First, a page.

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Harringay, Haringey - So Good they Spelt it Twice!

Lookingh across Maynards (extreme foreground), Challen/British Woodcraft Piano Works on Hermitage Road, (centre) and the edge of Harringay Stadium in the top right.

©Britain from the Air (image EPW044027)

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Comment by Alan Stanton on August 4, 2021 at 18:44

Any idea how many were factories and how many warehouses?

Comment by Hugh on August 4, 2021 at 20:38

The residents coined the name. Take it up with them. But, yes, if you were to accurately name it by reference to its former use, it would be Harringay Factory District. 

Comment by Richard Ross on August 6, 2021 at 8:56

Language is political and the use of the name 'Harringay Warehouse District' obscures the fact that there used to be factories in the area - yes, Britain used to make things! I'm a resident and had so say in the renaming of the area. Maybe it was done by those who own the buildings and by coining a 'trendy' name could make more money out of rents and development.

Comment by Hugh on August 6, 2021 at 9:38

Few of us get a say in naming our neighbourhoods, other than stopping silly renaming efforts.

i never got the impression that the name was top-down. It has all the hallmarks of a bottom-up thing. As I understand it, the name began to develop as “Manor House Warehouses” because most of the residents arrived by tube and they named it after the last wayfinding device on their journey. As people got to know the area, Manor

Till very recently, some of the earliest residents still lived there. I think Ellis Gardiner, (the guy with a dog who lives/used to live down the side of the Ex-Fed, just north of New River Studios), was around from the early days. He’ll have a version of the story worth listening to. If Alay Paun or Ingo Pless are still around, they’ll have a version too.

As I said above, whilst factory would be more accurate than warehouse, at least the name accurately reflects the feel of an industrial past.

As I’ve explained in my short history today, much of the land used to be part of the Hermitage Estate, named after the old house. As some of the non-warehouse residents in that part of Harringay don’t like the industrial twang to the warehouse name, I sometimes refer to that part of Harringay as Hermitage and the Warehouse district (choosing the latter term over ‘factory’ because it’s currency makes it more readily understandable than the more accurate term).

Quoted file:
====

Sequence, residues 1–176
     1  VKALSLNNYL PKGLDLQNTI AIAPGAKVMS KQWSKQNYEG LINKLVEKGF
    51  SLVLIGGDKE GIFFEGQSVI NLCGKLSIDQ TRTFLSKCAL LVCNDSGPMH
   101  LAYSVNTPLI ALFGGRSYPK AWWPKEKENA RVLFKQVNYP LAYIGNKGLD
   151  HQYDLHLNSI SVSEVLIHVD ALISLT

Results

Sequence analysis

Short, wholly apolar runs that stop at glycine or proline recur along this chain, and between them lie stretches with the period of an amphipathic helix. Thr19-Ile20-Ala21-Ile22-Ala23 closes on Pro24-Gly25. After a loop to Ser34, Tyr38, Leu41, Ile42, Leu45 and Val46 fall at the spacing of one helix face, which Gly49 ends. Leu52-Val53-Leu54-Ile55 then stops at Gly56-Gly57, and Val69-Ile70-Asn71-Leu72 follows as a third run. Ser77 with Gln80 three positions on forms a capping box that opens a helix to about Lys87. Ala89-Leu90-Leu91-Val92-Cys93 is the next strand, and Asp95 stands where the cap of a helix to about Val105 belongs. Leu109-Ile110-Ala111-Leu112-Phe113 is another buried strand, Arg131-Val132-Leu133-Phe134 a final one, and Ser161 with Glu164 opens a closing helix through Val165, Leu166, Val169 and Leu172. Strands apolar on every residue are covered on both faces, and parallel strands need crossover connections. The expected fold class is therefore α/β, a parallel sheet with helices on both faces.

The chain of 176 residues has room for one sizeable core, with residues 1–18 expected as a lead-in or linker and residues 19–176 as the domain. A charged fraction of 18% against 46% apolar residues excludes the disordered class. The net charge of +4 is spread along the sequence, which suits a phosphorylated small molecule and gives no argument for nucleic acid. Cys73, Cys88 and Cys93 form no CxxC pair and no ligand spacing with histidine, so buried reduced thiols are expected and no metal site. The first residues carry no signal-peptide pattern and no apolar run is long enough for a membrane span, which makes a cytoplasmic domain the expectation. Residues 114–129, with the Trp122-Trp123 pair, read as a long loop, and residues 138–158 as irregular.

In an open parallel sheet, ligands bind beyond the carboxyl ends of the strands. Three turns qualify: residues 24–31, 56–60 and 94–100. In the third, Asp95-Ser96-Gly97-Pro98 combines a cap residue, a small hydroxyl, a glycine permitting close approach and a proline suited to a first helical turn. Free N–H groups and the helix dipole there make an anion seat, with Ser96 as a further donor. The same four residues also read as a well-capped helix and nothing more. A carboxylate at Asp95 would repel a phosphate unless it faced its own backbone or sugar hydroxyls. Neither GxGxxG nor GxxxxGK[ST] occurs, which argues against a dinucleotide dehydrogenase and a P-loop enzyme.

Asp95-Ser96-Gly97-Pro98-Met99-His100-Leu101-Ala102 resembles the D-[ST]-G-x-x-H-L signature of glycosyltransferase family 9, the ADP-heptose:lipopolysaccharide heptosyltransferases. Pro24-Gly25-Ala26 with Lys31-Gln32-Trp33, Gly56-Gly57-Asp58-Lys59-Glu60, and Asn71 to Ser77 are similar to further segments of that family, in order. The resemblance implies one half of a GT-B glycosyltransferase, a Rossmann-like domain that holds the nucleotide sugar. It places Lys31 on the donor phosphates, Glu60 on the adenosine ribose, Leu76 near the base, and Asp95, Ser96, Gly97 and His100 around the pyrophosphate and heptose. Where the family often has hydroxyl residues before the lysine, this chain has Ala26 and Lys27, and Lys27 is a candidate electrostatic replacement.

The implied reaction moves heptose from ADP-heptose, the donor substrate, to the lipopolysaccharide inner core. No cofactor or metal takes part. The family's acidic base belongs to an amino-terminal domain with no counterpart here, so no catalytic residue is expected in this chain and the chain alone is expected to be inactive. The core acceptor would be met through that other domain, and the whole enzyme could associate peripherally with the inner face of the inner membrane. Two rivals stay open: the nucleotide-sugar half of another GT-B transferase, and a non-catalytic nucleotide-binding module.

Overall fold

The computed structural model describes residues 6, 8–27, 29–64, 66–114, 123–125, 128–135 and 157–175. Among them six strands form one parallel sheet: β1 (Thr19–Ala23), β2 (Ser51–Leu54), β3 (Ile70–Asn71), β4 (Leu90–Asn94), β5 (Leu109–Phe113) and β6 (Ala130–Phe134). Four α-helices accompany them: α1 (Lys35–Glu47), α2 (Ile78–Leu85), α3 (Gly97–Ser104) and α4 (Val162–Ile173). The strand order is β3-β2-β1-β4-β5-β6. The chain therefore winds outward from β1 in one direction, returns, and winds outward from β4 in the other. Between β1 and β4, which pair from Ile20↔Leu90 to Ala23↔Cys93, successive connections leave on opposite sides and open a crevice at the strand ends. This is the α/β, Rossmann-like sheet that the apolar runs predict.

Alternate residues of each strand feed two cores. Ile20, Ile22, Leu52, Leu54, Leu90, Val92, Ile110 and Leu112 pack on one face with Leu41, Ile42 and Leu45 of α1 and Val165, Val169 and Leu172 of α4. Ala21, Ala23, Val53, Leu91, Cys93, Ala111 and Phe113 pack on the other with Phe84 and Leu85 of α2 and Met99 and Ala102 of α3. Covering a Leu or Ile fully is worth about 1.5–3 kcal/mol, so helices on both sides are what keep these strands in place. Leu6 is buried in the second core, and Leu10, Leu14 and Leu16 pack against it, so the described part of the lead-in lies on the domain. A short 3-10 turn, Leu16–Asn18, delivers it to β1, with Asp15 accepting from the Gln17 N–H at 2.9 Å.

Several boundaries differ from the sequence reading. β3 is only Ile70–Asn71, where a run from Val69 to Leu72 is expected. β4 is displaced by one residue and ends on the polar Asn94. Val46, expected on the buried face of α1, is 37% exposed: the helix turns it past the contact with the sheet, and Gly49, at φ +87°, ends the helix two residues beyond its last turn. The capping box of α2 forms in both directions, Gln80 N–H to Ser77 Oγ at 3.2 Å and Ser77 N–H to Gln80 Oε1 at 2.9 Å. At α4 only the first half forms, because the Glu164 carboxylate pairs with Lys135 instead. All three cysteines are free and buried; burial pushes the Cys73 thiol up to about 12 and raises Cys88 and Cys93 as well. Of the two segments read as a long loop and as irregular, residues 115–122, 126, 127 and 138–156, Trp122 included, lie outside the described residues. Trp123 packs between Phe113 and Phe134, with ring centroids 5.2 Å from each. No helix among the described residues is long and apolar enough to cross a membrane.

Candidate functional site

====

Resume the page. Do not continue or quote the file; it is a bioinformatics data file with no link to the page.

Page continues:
Comment by Don on August 6, 2021 at 11:42

Estate agents often have a lot to answer for, too, trying to make places sound more up-market. Thankfully, I think “Harringay Heights” failed to stick, just as “Midtown” didn’t get any traction as an attempt to rename the Holborn area (though the ‘Midtown Business Improvement District’ lingers on).

Comment by JJ B on August 6, 2021 at 12:53

Can anyone explain if the slopes at the top of the 1934 photo are naturally occuring or if they are the result of dumping of some kind?

Comment by Hugh on August 6, 2021 at 13:03

Great question, JJB. I have some knowledge about this, but not 100%.

I’m pretty sure that they’re at least in part the result of dumping. There was well-documented a decade-long struggle between Tottenham District Council and St Ann’s Hospital on the one hand and Stoke Newington on the other. Stoke Newington was using the Stadium site to dump their municipal rubbish, right next to the St Ann’s recreation ground (for location, see the history piece I added today).

So, some of the slopes is Stokie’s rubbish, but it was also used as a dumping ground when they dug the Piccadilly Line extension and some is also probably from the potteries and from excavation when they built the Stadium. 

Comment by JJ B on August 6, 2021 at 13:26

Very interesting.

So we have "hills" in the sarf of the borough ;-).


Comment by Hugh on August 6, 2021 at 14:50

As I wrote in one of my Harringay Wikipedia articles back in 2008, those hills are now known as Stadium Slopes and until recently were registered as a local site of scientific interest. 

Comment by Liz on August 6, 2021 at 15:10

They are ecologically of a lot of interest as I wrote about here but abuse of them and blocked access to them by the current owners mean that they are unlikely to be nurtured as a green space for now despite the best efforts of local residents who would like to rescue them and create a natural space for the community there. 

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